About Cozumel, Mexico

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About Cozumel, Mexico

The largest inhabited island in Mexico and the oldest in the Caribbean group, Cozumel is located 12 miles off the eastern coast of the mainland (Yucatan Peninsula.)The limestone plateau that forms the base of the island is 34 miles long (north to south) and 11 miles wide (east to west) and, despite the boom in tourist and residential development in the past few years, continues to have vast expanses of untouched jungle and shoreline.
The Satellite image here shows the Yucatan Channel and a stretch of the Mexican mainland coast.



The Miami-like resort of Cancun is on the mainland approximately 35 miles north as the crow flies.

You can fly into Cancun and take the airport bus/ferry crossing. Or zoom directly into Cozumel's small, modern airport.





Cozumel Carol's Blog

Writer/Photographer Carol McCutch has been chronicling life on Cozumel since she moved here in 2004. She has her own blog but we decided she was ready for a wider audience. Check her pages for wonderful photos and commentary of the natural world and life on the island. Highly recommended!
The island is one of the top 5 dive destinations in the world thanks to the stunning coral reefs (second largest in the world) that are located just off it's southwestern coast. Add in unusually clear water--with visibility often as great as 200 ft--and you have the formula for some incredible underwater adventures.

Between the north and south hotel zones on the island's west coast you'll find the vibrant city of San Miguel, population 90,000. This safe, extraordinarily friendly Mayan/Mexican community has somehow managed to retain its own customs and cultural identity despite the increasing influx of visitors.

LEFT , a large, lovely flamboyan tree shades a portion of Cozumel's downtown Plaza del Sol. Just beyond the picture, the turquoise & violet blue of the Mexican Caribbean.

San Miguel, in fact remains one of the very few places left in the Mayan Riviera where visitors can truly experience and even become involved in traditional Yucatecan culture. It's also a great place for shopping and sampling a wide variety of Mexican, Yucatecan and international cuisine.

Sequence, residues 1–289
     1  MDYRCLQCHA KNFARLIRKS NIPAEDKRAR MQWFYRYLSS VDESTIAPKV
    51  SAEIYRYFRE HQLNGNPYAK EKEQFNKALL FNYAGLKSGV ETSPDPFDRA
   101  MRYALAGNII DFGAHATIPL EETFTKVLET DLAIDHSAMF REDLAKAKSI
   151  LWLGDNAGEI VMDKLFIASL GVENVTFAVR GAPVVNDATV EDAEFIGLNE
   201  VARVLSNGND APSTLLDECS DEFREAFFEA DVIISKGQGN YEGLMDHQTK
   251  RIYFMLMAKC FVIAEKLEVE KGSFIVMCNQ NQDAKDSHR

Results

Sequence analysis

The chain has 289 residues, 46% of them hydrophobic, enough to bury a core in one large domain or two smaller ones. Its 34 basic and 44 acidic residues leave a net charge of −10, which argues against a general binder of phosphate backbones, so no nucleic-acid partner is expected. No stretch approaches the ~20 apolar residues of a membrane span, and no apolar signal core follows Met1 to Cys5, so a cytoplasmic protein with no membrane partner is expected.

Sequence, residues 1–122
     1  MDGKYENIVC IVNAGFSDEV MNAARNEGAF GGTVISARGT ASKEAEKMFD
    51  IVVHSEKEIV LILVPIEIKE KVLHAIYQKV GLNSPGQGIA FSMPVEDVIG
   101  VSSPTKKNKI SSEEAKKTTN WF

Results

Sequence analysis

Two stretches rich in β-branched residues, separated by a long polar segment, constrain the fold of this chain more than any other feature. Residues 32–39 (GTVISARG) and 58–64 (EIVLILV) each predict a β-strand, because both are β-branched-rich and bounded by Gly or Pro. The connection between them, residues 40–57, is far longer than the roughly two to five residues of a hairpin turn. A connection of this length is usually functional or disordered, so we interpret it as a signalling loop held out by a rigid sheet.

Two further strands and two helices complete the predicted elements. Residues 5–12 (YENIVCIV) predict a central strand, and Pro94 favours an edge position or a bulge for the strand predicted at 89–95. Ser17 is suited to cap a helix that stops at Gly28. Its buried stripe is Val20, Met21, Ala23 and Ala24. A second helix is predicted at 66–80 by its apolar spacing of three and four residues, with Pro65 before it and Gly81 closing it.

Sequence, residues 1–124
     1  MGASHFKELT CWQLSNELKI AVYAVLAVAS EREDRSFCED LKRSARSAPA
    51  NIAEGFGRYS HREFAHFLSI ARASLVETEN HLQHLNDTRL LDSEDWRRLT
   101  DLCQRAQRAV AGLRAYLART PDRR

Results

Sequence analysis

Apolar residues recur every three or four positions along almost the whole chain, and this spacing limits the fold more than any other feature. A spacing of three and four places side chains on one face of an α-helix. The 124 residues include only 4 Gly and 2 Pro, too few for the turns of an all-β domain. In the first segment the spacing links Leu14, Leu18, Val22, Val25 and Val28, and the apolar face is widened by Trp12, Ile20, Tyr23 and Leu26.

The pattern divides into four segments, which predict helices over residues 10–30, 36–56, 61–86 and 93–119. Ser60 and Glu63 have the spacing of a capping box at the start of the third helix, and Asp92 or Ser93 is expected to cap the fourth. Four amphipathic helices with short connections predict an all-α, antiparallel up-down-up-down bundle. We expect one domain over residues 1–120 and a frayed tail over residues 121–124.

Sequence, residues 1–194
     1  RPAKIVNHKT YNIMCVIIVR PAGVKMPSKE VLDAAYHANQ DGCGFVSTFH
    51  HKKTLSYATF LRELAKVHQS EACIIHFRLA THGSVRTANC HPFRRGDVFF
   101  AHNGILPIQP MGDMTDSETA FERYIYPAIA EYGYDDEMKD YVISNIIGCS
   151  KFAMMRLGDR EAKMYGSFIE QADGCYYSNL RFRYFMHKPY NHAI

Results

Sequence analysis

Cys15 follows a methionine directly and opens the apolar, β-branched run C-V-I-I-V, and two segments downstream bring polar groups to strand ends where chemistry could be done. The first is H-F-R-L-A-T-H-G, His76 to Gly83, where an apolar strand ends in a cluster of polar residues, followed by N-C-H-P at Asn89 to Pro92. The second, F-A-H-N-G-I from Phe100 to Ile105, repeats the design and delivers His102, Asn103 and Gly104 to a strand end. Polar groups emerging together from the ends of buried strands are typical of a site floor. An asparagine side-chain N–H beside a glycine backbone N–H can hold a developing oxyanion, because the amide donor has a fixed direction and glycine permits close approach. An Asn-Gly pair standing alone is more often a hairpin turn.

The combination of great diving, snorkeling amd fishing on the west coast, lovely isolated beaches on the east and a thriving city full of shops, markets and restaurants make Cozumel an excellent vacation destination for anyone who feels that variety is the spice of life.

And with a fast modern ferry to the mainland running 10 trips per day, its also great as a base from which to launch out on side trips to attractions like Playa del Carmen, Chitzen Itza, Coba, Tulum and Xcaret.

One of the modern, air-conditioned "fast jet" ferries that take passengers back and forth between Cozumel and the Yucatan Mainland 10 times per day.
Decorative banners adorn the pavilion at El Cedral, the island's oldest town.
The Mayan ruins of San Gervasio are not as spectacular as those that can be reached via daytrips to the mainland but they nonethless make for a lovely and peaceful jungle stroll. Recommended for a day when you've rented a car.
The eastern side of the island is uninhabited save for a few ramshackle but charming restaurant/beach bars. The shoreline here is wild, lovely and isolated with beautiful white-sand beaches and crashing surf as well as blowholes, tidepools and exposed coral shelves cut into arches by the sea action.


A Brief History of Cozumel

Mayans are known to have been inhabiting Cozumel since 300 AD and during the height of the Mayan empire the island became an important port for trade because of its strategic location between Honduras and Vera Cruz. In addition, salt and honey were produced locally and used for trade.

The Mayans believed that Cozumel was the spiritual home of Ixchel, the Mayan Goddess of fertility and love, and Mayan women are said to have journeyed from all parts of the vast Mayan empire to worship at her shrines on the island. In fact, the name Cozumel comes from the Mayan word "Cuzamil-Pectin" or "Land of the Swallows" because, as legend has it, she thanked the women for dedicating temples here to her by sending her favorite bird as a sign of gratitude.

(A sidenote for birders: There are two species of birds on Cozumel found nowhere else in the world: the Cozumel vireo and the Cozumel thrasher.)

Today more than 40 shrines still survive although most of the major ones were destroyed by the Spanish after Cortes discovered the island in 1517 and claimed it for Spain.

By 1570 a smallpox epidemic, another humanitarian legacy from Cortes, had reduced the Mayan population to less than 300 and by 1600 the island was virtually deserted making it an ideal base for pirates who terrorized the Caribbean during the 17th and 18th centuries.

In 1848 Cozumel's population began to grow again as it was reinhabited by Mayan and white Spanish refugees from the long and bloody Caste War on the mainland.

Over the next hundred years the little town of San Miguel developed into a small, relatively prosperous fishing village until the early 60's when it was discovered by explorer and documentary film maker Jacque Cousteau who put it on the map as one of the greatest diving destinations in the world.

For years after Cousteau's discovery divers were the island's only visitors. But in the 1970's the island began to experience the same kind of tourism growth that was effecting Cancun-although, thankfully (!) on a much smaller scale.